What I really enjoyed was the characterization beginning with both selves of Raybould Marsh and Gretel. The author employs a first person and third person perspective to differentiate between the two and I really enjoyed that move. The biggest plus point about this book is its use of time travel, now I must re-iterate when it comes to time-travel stories, I’m rarely enthused. The reason being I’ve been burnt too many times in the past and I haven't really enjoyed the ones that I’ve read so far. Ian Tregillis is the exception for it though, with this trilogy he not only subverts the time-travel tropes but also shows how well skilled a writer he is. Even though the story almost falls into cliched territory, the author’s skillful planning becomes very apparent to the readers who have read the previous volumes.

Also the main antagonist Gretel is one of the scariest antagonists ever written and I especially loved how the author explained his reasoning behind her origins. The author however has made her human as well (or as much human, a sociopathic being with terrifying pre-cognitive abilities can be), many of Gretel’s actions have seemed inscrutable so far but this is the big payoff. With this final voilume, the author lays bare all of her scheming and machinations and it is terrifying to behold (Reminds me a bit of Kellhus from R. Scott Bakker’s books). But the best part of this book is its absolutely unbelieveable, slam-bang ending, you think you might know how this one might end but you would be wrong. There's also the massive research that has gone in the making of this trilogy which is listed by the author in the end and I feel that also showcases the depth of the author's belief in his story and the pains to which he went to make it as realistic and accurate as possible.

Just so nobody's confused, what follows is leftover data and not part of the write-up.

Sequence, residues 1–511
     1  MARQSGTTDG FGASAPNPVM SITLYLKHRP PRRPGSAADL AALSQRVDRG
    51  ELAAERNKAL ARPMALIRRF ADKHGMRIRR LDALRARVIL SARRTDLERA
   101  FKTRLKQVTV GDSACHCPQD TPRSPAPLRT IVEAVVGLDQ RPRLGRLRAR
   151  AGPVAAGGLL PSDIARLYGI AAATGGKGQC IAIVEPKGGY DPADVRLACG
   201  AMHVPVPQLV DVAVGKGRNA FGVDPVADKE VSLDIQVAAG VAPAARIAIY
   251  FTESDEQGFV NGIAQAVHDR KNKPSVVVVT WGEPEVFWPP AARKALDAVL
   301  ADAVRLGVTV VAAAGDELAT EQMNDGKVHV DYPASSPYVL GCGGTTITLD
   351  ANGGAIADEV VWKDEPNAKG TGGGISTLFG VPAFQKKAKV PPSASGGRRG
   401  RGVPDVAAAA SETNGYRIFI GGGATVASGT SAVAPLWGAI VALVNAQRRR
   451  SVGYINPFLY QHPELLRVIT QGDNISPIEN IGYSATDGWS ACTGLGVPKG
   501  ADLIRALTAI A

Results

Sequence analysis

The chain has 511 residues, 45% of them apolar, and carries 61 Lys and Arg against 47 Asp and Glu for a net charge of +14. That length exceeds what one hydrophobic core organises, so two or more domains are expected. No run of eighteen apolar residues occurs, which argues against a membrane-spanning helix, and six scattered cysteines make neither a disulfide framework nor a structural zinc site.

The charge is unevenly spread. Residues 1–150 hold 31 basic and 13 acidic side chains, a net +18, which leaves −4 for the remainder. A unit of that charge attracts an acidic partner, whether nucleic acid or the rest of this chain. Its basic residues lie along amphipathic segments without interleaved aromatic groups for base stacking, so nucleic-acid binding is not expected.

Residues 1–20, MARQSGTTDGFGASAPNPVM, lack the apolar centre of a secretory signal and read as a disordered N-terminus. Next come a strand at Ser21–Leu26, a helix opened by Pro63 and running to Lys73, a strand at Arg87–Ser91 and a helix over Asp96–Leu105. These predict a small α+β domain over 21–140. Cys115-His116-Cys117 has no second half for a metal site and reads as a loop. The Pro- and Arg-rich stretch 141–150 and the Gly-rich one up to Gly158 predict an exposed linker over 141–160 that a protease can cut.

Perhaps the one thing I could pinpoint as a sole achilles point would be that in the end, Gretel is humanized to a certain extent that perhaps runs counter to what has been established so far. The end climax hinges on this aspect and therefore I felt it seemed to be slightly contrived because of this reason. However this is entirely subjective and might not be the same case for other readers. This was for me the sole dull spot amid this brilliant novel and it still didn't detract from my pleasurable reading experience.

CONCLUSION: Ian Tregillis absolutely thrills with this book and simply proves that he’s one of the best and definitely the most under-rated newbie SF writer out there. Make sure that you don’t miss this entire trilogy as Necessary Evil closes out a fantastic story.


Elfy said...

Nice review. I just finished this and it is one of the best three series books I can remember reading recently. A lot of this is down to the character of Gretel.

David Marshall said...

Sadly I couldn't disagree more. As a time travel multiverse story, this is a disaster. Major paradoxes are unresolved. You refer to the research. A few books are listed at the end but why bother reading them when you are writing alternate history, i.e. you are going to ignore what actually happened. And as to the reality of life in 1940, this is laughably inaccurate. But then this is just fiction so who cares whether it makes any sense or has factual credibility.